Drexel’s LIFT group tackles social issues
Written by Damon C. Williams
Instead of large think tanks and groups of rather disassociated folks talking haughtily about the ills facing society, Drexel University and its nonprofit partner LIFT have collaborated on a novel program that brings together two disparate groups – one from the university and the other composed of LIFT clients – to better identify social issues and come to an agreement on the best ways to confront the problems.
“Urban Society” – a multi-week class that spurs collaborative thought between Drexel students and the clientele at LIFT – is designed to get input from the two groups perhaps affected the most by social policy. LIFT serves a predominantly low-income, at-risk minority clientele from offices in North and West Philadelphia by helping them attain economic stability through workforce training and other programming.
“It essentially brings together 15 Drexel students and 15 LIFT clients to work and learn about urban life in Philadelphia,” said Drexel University assistant teaching professor and community outreach coordinatorr Cyndi Rickards, mentioning that the program is modeled after Temple University’s prison program “Inside Out” and that Drexel is now expanding that program into the community. “But this is different, because [the groups] are learning as colleagues. They all receive three Drexel credits, write the same papers and read the same books, but everyone brings his or her own unique perspective.
“So the traditional Drexel student learns with someone who may have been incarcerated or had a drug dependency problem, and they talk about how [those issues] impact social policy in Philadelphia,” Rickards said. “Everyone brings in a different voice.” The plan, she said, is for the group’s collaborative effort to lead to a joint proposal that highlights both the sociological issues and the solutions recommended by the group.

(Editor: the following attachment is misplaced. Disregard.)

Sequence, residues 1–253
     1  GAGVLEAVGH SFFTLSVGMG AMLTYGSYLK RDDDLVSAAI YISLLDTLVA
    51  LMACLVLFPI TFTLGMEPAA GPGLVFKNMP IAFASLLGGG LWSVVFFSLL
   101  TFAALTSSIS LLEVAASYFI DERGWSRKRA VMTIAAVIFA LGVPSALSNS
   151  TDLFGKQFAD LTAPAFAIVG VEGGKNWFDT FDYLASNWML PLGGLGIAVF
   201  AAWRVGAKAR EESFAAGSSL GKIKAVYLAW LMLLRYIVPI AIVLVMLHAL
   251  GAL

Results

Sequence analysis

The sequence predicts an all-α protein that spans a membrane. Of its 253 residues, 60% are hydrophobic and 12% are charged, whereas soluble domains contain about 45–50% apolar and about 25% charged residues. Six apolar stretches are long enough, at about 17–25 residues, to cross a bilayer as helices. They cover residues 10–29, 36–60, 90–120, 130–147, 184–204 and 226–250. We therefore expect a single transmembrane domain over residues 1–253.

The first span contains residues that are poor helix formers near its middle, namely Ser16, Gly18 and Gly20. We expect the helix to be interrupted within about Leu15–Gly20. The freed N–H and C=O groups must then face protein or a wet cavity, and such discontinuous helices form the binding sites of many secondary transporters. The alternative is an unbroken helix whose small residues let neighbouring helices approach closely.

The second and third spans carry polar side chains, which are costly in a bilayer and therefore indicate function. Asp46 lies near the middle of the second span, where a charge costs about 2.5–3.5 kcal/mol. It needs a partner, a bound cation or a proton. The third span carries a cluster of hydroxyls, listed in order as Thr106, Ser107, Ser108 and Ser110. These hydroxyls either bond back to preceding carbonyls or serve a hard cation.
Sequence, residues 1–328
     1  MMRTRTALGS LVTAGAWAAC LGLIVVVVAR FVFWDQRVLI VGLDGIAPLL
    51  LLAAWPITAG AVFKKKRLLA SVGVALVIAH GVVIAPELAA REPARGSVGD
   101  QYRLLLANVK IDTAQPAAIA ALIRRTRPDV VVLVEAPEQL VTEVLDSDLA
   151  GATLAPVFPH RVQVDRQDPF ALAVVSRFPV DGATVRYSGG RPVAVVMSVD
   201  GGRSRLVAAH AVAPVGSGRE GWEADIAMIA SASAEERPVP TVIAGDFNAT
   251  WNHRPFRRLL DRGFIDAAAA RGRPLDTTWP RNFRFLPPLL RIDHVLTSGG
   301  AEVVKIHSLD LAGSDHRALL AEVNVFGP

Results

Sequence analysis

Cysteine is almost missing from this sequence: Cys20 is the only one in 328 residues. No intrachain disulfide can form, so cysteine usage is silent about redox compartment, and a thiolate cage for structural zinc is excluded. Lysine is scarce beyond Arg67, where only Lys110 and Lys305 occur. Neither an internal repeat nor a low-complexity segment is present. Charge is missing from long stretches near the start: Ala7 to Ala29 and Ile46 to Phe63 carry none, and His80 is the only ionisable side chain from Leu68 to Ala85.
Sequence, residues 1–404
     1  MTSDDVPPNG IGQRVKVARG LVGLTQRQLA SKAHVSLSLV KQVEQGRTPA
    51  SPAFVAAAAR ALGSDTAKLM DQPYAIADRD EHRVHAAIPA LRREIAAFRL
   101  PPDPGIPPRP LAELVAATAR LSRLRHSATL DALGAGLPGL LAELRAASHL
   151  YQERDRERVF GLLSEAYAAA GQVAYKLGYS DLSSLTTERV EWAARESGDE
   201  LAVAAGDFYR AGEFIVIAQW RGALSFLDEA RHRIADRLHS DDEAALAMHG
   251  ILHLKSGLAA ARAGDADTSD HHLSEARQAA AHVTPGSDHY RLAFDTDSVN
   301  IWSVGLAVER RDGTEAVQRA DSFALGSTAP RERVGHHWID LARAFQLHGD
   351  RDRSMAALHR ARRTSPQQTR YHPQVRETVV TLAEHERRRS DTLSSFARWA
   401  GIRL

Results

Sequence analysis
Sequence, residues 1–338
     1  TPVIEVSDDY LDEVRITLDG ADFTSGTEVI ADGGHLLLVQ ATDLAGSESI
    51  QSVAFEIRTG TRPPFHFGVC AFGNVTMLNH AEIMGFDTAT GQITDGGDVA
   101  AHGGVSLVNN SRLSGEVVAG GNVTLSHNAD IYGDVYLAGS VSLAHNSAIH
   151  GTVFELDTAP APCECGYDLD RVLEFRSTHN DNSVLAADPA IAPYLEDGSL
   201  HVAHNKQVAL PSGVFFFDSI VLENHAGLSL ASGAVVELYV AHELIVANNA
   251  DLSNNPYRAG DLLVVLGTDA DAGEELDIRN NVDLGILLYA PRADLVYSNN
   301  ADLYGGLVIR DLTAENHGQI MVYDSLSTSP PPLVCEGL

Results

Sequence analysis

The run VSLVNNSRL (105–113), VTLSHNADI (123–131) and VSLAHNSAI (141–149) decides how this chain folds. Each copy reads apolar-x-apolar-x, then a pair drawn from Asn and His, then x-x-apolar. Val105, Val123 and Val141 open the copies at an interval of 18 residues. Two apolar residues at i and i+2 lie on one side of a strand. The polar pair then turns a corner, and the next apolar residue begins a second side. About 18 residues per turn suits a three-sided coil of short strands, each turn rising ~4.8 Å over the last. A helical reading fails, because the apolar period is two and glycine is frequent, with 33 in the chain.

That joint proposal will be unveiled during the group’s program-ending celebration, scheduled for Dec. 5.
“It is unbelievable to see the transformation when you bring two different groups together to learn,” Rickards said. “No one has an agenda. If we did this more often, we’d solve problems more efficiently, and with much more humanity.”
This is the first year the program has been implemented outside of prison walls, and after early shyness and apprehension, the two groups have managed a respectful working relationship. And more important, both groups seem to be benefitting, as the students gain insight they may not otherwise obtain, and LIFT clients get a chance to have direct input in crafting social solutions.
“I would argue that leaving Drexel’s campus and going to LIFT’s office and meeting colleagues who are identified as low-income, a group of people they wouldn’t probably realistically interact with, is essential,” Rickards said. “It provides for rich, personal reflections and creates an appreciation for other voices and experiences.
“Academics are important, but the influence of learning directly from this group is important as well.”
LIFT Program Manager Gina Gendusa leads the programming alongside Rickards, and she too believes the meeting of minds alone makes the program worthwhile.
“It’s been amazing. People from college and the community sitting down and having a conversation – people who wouldn’t normally talk or even say ‘hello’ to each other on the train, these people come together and talk about things that are pretty deep,” Gendusa said. “It’s an urban life and sociology class that really brings out interesting things about race and poverty, and it also brings out a lot of personal experiences, experiences that one couldn’t even think of.
“It is just really wonderful to see in action, to see the relationship growing between community members and Drexel students” Gendusa continued, noting that, anecdotally, she can tell the groups are truly engaged in the program. “Now when they talk, they understand the context and you see barriers dissolving between people. It all relates back to personal experiences and using those experiences to investigate society.”
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